Pattaya, Thailand, December 31: Shiv Kapur of India emerged triumphant and won his third Asian Tour title in 2017 at the US$500,000 Royal Cup after he closed the tournament with a four-under-par 67 to finish 14-under-par 270.
Sunday was billed as a duel between Kapur and Thailand’s Prom Meesawat as the pair emerged from the pack after round three. At the start of the final round, Prom was two shots ahead of Kapur, who was four shots ahead of the rest of the field.
However, Prom lost his advantage as early as the second hole of the Phoenix Gold Golf and Country Club. After pulling to the left, Prom had to settle for a bogey at the par-three hole, while Kapur knocked in a birdie.
Prom’s further bogeys on the fifth and ninth handed Kapur the lead. Although, the 33-year-old Thai managed to shake off his nerves after the turn and it was all square again following consecutive birdies on the 11th and 12th.
Kapur did himself no favours when he bogeyed the 13th and 14th and in the process, handed Prom a two-shot lead again.
Kapur bounced back remarkably with two consecutive birdies of his own and it was back to a deadlock. With Prom bogeying the 17th, the door was left open for Shiv to win the Royal Cup, and he did.
Although, Prom nearly forced a playoff as he narrowly missed a birdie putt at the last hole of the tournament. He finished round four with a 70.
Gaganjeet Bhullar of India carded a 66 to cement third place. Thai legend Prayad Marksaeng and Chinese Taipei’s Chan Shih-chang, who won on the same golf course last year, shared fourth place.
Did you know:
- Shiv Kapur made 19 birdies and five bogeys this week.
- Shiv Kapur is the only golfer to win three Asian Tour tournaments this year. In fact, he is the only golfer to win multiple Asian Tour titles in 2017.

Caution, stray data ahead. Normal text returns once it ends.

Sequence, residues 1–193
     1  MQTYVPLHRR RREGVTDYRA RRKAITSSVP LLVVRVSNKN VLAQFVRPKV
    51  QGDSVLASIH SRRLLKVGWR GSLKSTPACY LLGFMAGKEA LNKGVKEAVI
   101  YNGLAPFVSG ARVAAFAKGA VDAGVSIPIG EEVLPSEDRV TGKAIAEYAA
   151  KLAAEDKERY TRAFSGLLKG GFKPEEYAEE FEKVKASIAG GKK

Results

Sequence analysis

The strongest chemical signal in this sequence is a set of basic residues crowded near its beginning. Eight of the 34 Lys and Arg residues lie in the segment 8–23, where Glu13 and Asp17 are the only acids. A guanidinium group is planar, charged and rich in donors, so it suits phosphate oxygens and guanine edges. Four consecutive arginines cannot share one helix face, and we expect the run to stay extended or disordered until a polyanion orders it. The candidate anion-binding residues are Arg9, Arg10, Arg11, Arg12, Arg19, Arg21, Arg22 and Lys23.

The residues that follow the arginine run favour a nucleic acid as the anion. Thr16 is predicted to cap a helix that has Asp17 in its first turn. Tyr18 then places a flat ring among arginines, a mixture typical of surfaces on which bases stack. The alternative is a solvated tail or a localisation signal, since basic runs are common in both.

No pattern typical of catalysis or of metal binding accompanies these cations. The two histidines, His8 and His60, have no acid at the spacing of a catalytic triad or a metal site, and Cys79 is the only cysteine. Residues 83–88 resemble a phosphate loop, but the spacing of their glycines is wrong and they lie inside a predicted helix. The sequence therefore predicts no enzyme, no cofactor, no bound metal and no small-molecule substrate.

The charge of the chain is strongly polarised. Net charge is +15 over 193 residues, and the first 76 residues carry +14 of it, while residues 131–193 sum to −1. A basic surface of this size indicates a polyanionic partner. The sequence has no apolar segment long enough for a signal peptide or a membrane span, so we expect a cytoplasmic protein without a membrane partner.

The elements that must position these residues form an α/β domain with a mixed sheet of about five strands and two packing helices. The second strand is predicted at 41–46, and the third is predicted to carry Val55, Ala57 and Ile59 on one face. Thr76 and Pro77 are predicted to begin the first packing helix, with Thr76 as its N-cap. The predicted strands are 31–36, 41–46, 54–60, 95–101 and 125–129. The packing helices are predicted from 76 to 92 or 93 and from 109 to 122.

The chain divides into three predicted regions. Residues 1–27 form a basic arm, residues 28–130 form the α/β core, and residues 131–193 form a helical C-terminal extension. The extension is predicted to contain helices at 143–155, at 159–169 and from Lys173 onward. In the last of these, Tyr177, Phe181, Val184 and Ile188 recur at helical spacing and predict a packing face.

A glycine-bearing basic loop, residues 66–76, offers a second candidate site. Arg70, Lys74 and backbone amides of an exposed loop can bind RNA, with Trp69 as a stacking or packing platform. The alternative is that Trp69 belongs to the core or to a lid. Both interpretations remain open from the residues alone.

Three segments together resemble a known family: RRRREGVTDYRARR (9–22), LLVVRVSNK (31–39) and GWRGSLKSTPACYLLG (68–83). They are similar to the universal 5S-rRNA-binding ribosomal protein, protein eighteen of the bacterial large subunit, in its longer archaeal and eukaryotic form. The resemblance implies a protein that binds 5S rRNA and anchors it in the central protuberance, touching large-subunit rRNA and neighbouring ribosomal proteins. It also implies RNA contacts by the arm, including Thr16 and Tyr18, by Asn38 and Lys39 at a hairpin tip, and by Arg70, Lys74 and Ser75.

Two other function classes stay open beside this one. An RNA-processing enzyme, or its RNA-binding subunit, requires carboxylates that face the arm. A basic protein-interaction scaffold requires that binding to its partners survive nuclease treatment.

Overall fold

- He won at the Yeangder Heritage, Panasonic Open India and the Royal Cup.
- Prom Meesawat has finished top-10 twice in his last three tournaments. He was ninth at the Asian Golf Championship in China and second at the Royal Cup in Thailand.
- Prior to Sunday, Prom only had one bogey in every single round.
- Gaganjeet Bhullar, India’s number one amateur in 2004 and 2006, claimed a silver medal in the team event at the 2006 Asian Games in Doha.
- He has won a tournament in Thailand before, at the 2010 Asian Tour International.
- Prayad Marksaeng is the third winningest player on the Asian Tour with 10 titles.
- He is also the second oldest winner on the Asian Tour. In January this year, he won the SMBC Singapore Open when he was 50 years and 357 days.
- Chan Shih-chang won the 2016 King’s Cup on the same golf course last year. In the same year, he has also won the 2016 Asia-Pacific Diamond Cup in Japan.
Shiv Kapur (Ind) – Fourth Round 67 (-4), Total 270 (-14)
It was a see-saw battle indeed. I had to come out fighting straight out of the blocks. I made two birdies in my first three holes and that reversed Prom’s advantage. It doesn’t always go to plan, but luckily, I started well and he made a bogey on the second hole and before I knew it, I was leading the tournament.
On the ninth, I made a good par, which was pivotal. I had a great putt from off the green on 10th. At that stage, I thought I was in control. I hit a poor drive on the 11th and got away with par. He made good birdies on 11th and 12th and regained the lead.
I felt that I made a bad swing on 13th and that carried over to the next hole. After the two bogeys, I was obviously disappointed as a two-shot lead turned into a two-shot deficit.